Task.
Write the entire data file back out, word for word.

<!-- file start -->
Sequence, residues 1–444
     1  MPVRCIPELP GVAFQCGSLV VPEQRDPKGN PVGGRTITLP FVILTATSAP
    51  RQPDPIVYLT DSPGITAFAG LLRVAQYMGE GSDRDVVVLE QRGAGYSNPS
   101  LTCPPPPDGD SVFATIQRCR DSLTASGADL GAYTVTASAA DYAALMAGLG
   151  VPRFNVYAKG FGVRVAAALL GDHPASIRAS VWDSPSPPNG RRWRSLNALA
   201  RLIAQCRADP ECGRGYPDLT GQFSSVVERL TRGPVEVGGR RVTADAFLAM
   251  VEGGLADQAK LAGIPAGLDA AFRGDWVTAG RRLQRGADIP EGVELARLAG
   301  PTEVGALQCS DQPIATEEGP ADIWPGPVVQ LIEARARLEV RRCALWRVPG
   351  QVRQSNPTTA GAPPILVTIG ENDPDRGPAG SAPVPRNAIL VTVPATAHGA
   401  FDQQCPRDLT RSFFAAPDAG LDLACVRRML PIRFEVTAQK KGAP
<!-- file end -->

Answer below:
Sequence, residues 1–444
     1  MPVRCIPELP GVAFQCGSLV VPEQRDPKGN PVGGRTITLP FVILTATSAP
    51  RQPDPIVYLT DSPGITAFAG LLRVAQYMGE GSDRDVVVLE QRGAGYSNPS
   101  LTCPPPPDGD SVFATIQRCR DSLTASGADL GAYTVTASAA DYAALMAGLG
   151  VPRFNVYAKG FGVRVAAALL GDHPASIRAS VWDSPSPPNG RRWRSLNALA
   201  RLIAQCRADP ECGRGYPDLT GQFSSVVERL TRGPVEVGGR RVTADAFLAM
   251  VEGGLADQAK LAGIPAGLDA AFRGDWVTAG RRLQRGADIP EGVELARLAG
   301  PTEVGALQCS DQPIATEEGP ADIWPGPVVQ LIEARARLEV RRCALWRVPG
   351  QVRQSNPTTA GAPPILVTIG ENDPDRGPAG SAPVPRNAIL VTVPATAHGA
   401  FDQQCPRDLT RSFFAAPDAG LDLACVRRML PIRFEVTAQK KGAP